This was not the only time the Queen has broken centuries of protocol, however. On September 13, 2001, just two days after the September 11 terrorist attacks, Her Majesty Queen Elizabeth II broke protocol once again and “ordered the daily ceremonial parade to break a 600-year tradition to show solidarity with America in its time of great loss.” The Queen ordered the Coldstream guards to play the Star-Spangled Banner. This was the first and only time in U.K. history that this command has been made.  

Throughout her reign, Queen Elizabeth II experienced many firsts and many Royal tours. In 1986, Queen Elizabeth II became the first British sovereign to enter mainland China. According to a New York Times article from October 13, 1986,“The [Queen’s] visit comes not two years after the two countries agreed on the future of the British Crown Colony of Hong Kong, and during a time of increasing British-Chinese trade”. Not since King George III sent an Embassy to China in 1792, has a monarch tried to contact the eastern power.

Years later, in May of 2011, Queen Elizabeth II would be the first British Monarch to visit the Republic of Ireland in 100 years. Queen Elizabeth’s visit, during which she expressed her “sincere thoughts and deep sympathy” for the victims of the troubled Anglo-Irish past, was celebrated as the beginning of a new era of friendship between the Irish Republic and Britain.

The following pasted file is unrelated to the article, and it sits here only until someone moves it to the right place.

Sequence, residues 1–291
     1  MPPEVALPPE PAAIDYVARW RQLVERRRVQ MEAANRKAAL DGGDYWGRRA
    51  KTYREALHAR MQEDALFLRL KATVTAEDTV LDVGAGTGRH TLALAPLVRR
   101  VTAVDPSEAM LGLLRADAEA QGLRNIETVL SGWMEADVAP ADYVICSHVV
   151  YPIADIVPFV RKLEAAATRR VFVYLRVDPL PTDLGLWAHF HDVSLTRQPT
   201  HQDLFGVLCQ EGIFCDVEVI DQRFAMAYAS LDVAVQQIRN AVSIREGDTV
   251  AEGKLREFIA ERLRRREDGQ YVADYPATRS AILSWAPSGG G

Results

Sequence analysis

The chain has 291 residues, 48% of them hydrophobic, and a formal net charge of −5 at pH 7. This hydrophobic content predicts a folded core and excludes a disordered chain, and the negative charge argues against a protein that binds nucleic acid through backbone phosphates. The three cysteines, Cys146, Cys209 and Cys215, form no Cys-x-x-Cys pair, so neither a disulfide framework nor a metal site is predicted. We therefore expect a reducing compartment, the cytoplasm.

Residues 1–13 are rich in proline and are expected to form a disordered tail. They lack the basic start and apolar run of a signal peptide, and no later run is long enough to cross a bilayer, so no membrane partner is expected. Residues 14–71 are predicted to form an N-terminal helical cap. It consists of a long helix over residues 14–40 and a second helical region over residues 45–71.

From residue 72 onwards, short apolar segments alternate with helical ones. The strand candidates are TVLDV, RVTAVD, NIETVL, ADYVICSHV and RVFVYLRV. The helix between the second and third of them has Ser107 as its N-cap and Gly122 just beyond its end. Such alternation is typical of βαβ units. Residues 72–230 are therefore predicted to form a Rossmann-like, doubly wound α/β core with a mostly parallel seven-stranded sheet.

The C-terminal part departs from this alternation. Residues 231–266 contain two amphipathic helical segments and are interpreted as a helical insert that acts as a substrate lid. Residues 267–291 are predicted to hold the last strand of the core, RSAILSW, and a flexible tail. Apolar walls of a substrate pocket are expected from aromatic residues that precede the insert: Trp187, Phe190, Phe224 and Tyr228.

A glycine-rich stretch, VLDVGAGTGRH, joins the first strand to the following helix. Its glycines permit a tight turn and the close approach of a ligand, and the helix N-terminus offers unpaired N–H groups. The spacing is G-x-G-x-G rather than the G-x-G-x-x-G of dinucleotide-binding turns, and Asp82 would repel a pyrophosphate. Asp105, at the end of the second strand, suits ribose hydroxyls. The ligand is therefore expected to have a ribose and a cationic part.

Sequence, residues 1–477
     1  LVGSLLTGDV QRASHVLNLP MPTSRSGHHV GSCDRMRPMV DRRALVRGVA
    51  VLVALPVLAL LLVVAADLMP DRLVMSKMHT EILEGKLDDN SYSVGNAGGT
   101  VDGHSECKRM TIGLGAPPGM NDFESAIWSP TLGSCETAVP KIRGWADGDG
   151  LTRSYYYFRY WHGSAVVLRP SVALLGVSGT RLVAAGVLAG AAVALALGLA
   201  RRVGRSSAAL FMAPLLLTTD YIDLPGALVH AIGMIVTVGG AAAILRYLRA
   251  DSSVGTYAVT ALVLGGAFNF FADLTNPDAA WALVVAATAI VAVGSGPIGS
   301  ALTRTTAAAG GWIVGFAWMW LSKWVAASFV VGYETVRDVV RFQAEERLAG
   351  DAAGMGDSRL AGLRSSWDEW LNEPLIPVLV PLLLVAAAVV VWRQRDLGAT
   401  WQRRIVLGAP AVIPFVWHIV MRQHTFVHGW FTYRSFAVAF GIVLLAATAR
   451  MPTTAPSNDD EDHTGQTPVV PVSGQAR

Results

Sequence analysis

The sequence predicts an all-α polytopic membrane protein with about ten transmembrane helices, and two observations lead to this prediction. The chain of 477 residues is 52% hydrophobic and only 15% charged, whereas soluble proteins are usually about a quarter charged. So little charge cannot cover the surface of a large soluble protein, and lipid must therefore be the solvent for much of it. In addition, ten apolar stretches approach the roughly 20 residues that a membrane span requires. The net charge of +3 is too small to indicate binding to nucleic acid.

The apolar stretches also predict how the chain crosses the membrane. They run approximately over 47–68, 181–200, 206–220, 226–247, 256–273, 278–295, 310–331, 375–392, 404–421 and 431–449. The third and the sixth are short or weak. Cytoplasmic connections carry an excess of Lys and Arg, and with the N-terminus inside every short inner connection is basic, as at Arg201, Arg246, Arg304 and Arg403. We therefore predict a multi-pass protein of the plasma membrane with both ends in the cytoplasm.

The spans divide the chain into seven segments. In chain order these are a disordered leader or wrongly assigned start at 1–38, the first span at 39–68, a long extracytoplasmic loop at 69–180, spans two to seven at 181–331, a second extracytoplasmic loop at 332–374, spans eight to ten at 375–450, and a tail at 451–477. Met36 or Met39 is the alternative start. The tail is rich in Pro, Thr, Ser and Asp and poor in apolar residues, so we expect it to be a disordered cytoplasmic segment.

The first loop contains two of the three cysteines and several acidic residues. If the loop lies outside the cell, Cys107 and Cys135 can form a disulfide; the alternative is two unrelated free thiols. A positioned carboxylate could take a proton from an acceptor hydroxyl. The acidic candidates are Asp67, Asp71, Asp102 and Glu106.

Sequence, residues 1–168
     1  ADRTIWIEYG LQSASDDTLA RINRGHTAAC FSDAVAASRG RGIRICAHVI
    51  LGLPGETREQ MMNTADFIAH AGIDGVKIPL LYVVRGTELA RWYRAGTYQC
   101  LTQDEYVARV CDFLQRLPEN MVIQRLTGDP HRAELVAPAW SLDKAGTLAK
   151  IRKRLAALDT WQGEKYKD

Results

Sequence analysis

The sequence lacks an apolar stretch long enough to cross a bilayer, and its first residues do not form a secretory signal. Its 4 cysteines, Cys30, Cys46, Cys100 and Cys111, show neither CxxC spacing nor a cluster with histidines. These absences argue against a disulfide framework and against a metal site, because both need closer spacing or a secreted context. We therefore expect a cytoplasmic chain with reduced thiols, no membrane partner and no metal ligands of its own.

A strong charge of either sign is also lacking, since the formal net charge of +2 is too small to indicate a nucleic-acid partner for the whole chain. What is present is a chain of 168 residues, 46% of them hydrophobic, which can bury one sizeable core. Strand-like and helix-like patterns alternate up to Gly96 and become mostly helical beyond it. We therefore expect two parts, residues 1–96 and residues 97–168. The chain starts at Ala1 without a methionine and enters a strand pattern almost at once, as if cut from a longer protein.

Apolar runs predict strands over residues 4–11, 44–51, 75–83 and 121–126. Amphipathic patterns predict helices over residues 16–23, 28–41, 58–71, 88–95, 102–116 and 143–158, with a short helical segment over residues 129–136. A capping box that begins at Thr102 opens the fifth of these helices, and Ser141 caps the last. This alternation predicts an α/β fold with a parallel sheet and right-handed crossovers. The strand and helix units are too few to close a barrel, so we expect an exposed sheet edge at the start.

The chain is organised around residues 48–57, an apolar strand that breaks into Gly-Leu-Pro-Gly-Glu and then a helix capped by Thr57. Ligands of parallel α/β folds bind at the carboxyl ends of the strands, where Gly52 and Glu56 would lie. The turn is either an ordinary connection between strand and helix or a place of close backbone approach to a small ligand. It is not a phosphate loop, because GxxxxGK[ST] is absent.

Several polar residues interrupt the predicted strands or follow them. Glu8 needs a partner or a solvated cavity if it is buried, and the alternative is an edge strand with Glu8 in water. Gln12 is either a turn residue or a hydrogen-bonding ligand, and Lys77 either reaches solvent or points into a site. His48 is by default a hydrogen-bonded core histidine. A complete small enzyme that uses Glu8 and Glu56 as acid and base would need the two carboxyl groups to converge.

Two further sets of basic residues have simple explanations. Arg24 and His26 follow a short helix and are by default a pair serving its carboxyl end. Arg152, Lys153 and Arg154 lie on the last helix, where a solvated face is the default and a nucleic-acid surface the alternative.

Another Royal visit in July of 1991 would help her secure yet another first. During a 13-day visit to the United States in 1991, Queen Elizabeth II became the first British monarch to address a joint session of Congress more than 200 years after the United States won its independence from the British Empire. The Queen also “touched on the “special relationship” between Britain and the U.S., noting that her country hoped to be a part of “a unified Europe that would work in harmony with the United States.”

In the fight for women’s rights Queen Elizabeth II was always a fearless advocate and in 2013 she had a chance to prove that once again. In 2013, “the Succession to the Crown Act amended the provisions in the Bill of Rights and the Act of Settlement to end the system of male primogeniture, under which a younger son can displace an elder daughter in the line of succession,” as noted by the official British Royal Family site. While it’s true that the Queen did not directly vote on this amendment, it is widely known that without Queen Elizabeth’s cooperation and support, the legislation might have failed.